I have an unholy amount of work to do this week, so why not post a blog entry instead! I'm such a good student :) (I seriously worked on homework stuffs today though, so I'll do more after this lol)
So Saturday my class and I gaijin-smashed our way to Minami-za, the Kabuki Theater in Kyoto. I was a bit wary, considering the show we were seeing was based on a Noh play. Fortunately, this play was not 5 hours long, and was a nice 2. I like 2. The first half wasn't even a show; it was a sort of "Kabuki for Beginners" thing. From what I took of it, they showed us how the stage worked and the trapdoors and the costumes and things. However, he said a bunch of things in Japanese that I'm sure were really interesting, and I wish I understood them. However, I am used to this. The people who were sitting behind me however, were not happy. Silly gaijin.
(PS, seating in a Kabuki theater? Not assigned; they open the doors and you fight people. It was like Black Friday; we got some decent ones on the ground floor, but they were by no means the best)
The actual kabuki show we saw was a million times better than the Noh one. Sweet goodness was it better. It was about this story where a lion pushes his son off a cliff to test his skill, and the baby lion sees his dad is worried and climbs back up. It was based off a Noh play so there was no cool stage work, just a pine tree in the background. Boo. But the music was awesome, 5 shamisens playing in unison. I don’t want to compare a shamisen solo to a cooler banjo, but that’s seriously what it reminded me off. Anyway, after a random (still funny) banter between to Buddhist monks about how to ward off the lions, the father and son actors come back on stage dressed in awesome lion costumes, complete with epic manes….which they proceed to whip around crazily. I would pass out from dizziness I tell you. This video doesn’t do it justice, but seriously, crazy hair whipping.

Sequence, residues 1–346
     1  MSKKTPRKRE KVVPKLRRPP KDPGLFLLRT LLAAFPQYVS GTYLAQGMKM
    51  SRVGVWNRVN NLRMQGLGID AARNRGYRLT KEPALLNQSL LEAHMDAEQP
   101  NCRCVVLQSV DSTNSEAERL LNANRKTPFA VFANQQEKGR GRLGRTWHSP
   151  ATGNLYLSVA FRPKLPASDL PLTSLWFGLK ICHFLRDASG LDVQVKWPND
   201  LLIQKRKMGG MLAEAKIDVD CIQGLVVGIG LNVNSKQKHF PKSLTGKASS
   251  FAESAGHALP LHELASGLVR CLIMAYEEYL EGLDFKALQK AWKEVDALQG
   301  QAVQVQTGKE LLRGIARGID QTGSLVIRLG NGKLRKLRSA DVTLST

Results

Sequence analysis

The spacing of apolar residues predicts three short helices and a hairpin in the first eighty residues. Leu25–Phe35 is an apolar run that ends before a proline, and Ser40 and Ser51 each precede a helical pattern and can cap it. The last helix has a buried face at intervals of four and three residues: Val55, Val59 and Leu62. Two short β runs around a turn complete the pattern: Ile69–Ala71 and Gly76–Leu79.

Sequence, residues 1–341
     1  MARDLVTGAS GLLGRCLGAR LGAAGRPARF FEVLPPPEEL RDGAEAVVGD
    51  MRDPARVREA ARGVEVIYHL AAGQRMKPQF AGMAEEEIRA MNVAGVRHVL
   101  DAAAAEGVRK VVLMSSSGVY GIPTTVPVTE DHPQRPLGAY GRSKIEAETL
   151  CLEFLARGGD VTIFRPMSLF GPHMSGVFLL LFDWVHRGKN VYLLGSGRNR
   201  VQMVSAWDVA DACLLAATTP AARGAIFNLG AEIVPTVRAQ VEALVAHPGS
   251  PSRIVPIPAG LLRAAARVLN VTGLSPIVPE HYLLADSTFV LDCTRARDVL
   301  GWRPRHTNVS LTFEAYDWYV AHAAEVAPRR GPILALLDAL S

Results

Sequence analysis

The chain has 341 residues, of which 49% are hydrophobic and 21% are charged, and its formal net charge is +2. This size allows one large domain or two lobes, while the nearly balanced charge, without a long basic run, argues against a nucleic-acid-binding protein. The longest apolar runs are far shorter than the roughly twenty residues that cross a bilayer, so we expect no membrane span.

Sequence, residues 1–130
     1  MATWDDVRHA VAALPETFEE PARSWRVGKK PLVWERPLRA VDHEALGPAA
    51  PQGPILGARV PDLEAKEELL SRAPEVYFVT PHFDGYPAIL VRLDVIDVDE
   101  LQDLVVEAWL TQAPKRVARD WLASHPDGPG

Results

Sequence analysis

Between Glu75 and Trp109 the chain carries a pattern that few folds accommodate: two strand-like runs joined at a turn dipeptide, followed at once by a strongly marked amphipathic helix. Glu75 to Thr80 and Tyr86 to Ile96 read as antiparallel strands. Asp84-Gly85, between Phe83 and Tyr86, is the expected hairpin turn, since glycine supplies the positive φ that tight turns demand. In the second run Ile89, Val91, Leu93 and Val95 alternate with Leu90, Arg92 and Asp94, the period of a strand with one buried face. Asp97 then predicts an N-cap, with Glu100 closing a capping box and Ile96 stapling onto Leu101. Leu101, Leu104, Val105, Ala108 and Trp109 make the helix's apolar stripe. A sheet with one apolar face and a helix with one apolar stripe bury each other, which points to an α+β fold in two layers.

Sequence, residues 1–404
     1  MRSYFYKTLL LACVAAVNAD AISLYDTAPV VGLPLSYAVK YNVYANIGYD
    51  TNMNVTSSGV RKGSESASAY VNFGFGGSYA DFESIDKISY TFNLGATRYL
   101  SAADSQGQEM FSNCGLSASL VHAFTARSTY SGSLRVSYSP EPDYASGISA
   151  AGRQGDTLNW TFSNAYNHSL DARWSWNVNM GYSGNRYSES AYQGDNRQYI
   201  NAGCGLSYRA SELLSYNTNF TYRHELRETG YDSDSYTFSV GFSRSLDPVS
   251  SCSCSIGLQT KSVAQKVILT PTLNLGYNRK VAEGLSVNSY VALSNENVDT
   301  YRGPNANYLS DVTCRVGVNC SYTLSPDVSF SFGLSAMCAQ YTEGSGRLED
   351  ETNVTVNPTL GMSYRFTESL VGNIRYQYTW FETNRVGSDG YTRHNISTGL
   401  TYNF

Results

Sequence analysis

Oh here’s pictures from the day, I couldn’t take any of the performance and it was hard to be sneaky haha.
Afterwards we found a teeeeeeeeny food place to eat delicious gyoza and …crab? Omu rice? Not sure (Omu Rice: Omelet filled with omelet things and rice, very delicious and filling). Then, I set out to go to Kyoto Tower, because hell, I was already in Kyoto, why not? I would go hit up some temples, but they were all closed by then. So I asked someone which bus to take (it’s the station, it can’t be that difficult) and headed towards Kyoto Station! (PS, on the way to the station, I ran into my other lecture teacher, not the one who took us on this field trip…crazy!)
….I had no idea how huge Kyoto Station was. Seriously. HUGE. Jesus. After closing my open jaw, I turned around and headed for the big tower-looking object (I love how easy it is to find those, haha) It was on top of a building, so it took a minute for me to get in and to the top, but it was very nice to see all the temples mixed in with the modern-day Kyoto. (I also spied a giant Buddha in the distance…need to check that place out)
Time to go home! I forgot to write down which trains to take! Oops. But no worries, I took the Shinkansen out of here before; I just take that route backwards, right? Easy! SURE, except I had to find said route in the HUGE TRAIN STATION. I was pointed in the correct directions, and I followed signs, but I could not find it for the life of me. Finally, I said screw the English and followed the kanji. Glad I did; it turns out in the hallway they changed the translation, I don’t know why. THEN I found the correct train. No fair people.
So this week has a lot of school work in it. Yay. But I did some of it! Check it out:
I made this for class!